The ratio of the length of a circle to its diameter; it is an infinite non-periodic decimal number
One frequently arrives at the number as the limit of certain arithmetic sequences involving simple laws. An example is Leibniz' series
which, however, converges very slowly. There are more rapidly-converging series suitable for calculating .
The possibility of a pure analytic definition of is of essential significance for geometry. For example, also participates in certain formulas in non-Euclidean geometry, but not as the ratio of the length of a circle to its diameter (this ratio is not constant in non-Euclidean geometry). The arithmetic nature of was finally elucidated in analysis, with a decisive part played by Euler's formula:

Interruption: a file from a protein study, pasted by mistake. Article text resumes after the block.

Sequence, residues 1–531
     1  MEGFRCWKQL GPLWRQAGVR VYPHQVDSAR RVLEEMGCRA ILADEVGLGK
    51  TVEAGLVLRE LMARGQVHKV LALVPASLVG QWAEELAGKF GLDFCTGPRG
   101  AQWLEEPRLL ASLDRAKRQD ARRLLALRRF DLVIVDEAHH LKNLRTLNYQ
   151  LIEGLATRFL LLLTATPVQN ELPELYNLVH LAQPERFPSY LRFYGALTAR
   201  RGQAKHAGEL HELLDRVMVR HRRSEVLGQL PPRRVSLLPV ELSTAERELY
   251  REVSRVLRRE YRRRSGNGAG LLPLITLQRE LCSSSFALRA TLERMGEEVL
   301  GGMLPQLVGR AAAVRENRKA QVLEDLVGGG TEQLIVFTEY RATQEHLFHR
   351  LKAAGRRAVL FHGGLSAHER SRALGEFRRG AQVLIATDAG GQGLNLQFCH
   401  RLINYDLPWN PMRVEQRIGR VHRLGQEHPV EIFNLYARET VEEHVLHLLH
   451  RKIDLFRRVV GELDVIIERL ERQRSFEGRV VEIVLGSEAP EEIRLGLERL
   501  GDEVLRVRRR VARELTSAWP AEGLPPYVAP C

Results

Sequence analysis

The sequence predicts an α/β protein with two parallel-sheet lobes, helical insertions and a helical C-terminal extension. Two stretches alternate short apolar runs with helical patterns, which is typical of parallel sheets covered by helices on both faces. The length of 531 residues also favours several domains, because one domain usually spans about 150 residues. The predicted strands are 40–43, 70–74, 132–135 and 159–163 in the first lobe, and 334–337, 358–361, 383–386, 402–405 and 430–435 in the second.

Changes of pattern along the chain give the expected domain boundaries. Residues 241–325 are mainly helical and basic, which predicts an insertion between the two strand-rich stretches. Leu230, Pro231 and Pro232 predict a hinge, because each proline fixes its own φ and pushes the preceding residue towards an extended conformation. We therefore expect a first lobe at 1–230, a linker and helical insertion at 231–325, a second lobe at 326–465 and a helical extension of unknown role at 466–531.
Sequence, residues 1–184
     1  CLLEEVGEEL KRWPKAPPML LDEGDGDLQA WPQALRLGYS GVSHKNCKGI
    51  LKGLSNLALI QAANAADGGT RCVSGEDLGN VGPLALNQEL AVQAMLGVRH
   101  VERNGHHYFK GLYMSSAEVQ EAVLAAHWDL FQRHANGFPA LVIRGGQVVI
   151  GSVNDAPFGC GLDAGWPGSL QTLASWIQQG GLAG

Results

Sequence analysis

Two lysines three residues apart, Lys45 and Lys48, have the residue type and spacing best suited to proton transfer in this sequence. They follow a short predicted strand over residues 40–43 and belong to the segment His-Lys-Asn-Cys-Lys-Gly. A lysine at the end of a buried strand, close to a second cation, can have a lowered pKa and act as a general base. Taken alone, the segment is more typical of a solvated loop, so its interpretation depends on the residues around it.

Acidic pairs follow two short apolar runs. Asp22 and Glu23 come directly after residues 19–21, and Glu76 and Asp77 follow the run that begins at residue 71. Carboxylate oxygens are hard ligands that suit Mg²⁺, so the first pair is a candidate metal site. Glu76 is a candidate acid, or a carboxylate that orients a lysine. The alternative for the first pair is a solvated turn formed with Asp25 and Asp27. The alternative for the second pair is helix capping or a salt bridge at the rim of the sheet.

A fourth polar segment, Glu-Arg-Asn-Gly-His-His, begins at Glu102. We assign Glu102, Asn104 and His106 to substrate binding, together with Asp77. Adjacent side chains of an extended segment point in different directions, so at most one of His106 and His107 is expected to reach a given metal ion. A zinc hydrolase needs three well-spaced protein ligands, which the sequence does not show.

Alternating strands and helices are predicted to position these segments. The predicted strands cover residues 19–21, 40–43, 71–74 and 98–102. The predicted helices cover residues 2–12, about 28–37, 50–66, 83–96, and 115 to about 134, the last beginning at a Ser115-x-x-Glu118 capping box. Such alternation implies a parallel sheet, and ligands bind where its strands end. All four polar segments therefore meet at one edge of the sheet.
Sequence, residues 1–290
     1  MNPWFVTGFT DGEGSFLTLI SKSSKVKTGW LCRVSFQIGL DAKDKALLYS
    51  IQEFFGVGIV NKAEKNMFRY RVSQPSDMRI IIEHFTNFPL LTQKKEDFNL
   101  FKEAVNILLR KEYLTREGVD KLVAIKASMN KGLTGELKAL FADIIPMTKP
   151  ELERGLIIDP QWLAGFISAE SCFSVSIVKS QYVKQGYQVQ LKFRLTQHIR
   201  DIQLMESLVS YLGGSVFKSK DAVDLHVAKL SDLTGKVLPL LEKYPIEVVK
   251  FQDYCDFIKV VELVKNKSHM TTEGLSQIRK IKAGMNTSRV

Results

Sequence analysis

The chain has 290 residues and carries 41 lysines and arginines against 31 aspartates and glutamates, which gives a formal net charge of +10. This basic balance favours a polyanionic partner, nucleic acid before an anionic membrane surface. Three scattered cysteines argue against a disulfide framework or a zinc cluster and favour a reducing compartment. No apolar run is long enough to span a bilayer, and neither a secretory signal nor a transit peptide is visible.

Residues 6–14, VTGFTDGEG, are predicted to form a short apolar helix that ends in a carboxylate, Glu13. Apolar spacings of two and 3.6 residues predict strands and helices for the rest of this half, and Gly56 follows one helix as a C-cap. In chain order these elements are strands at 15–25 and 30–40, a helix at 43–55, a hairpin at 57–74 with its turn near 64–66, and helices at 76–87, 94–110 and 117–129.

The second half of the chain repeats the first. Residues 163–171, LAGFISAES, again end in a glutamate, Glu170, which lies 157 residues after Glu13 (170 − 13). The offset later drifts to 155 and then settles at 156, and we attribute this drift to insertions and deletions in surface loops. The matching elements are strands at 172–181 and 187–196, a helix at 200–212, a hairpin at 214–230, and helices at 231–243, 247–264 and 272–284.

At the end of the 18th century, J. Lambert and A. Legendre established that is an irrational number, while in the 19th century, F. Lindemann showed that is a transcendental number.
A nice account of Lindemann's proof can be found in [a3], Chapt. 6.
The number of known digits of has increased exponentially in recent times. At the moment (1990), the record seems to be half a billion digits (D.V. Chudnovsky and G.V. Chudnovsky). For an account of such computations see [a1]. Up to the 1960's the standard way to calculate was to use Machin's formula and the power series of . Nowadays, some powerful formulas of Ramanujan are used. It is still not known how randomly the digits of are distributed; in particular, whether is a normal number.
|[a1]||J.M. Borwein, P.B. Borwein, "Pi and the AGM" , Interscience (1987)|
|[a2]||P. Beckmann, "A history of pi" , The Golem Press , Boulder (Co.) (1971)|
|[a3]||I. Stewart, "Galois theory" , Chapman & Hall (1979)|
Pi(number). Encyclopedia of Mathematics. URL: http://encyclopediaofmath.org/index.php?title=Pi(number)&oldid=11364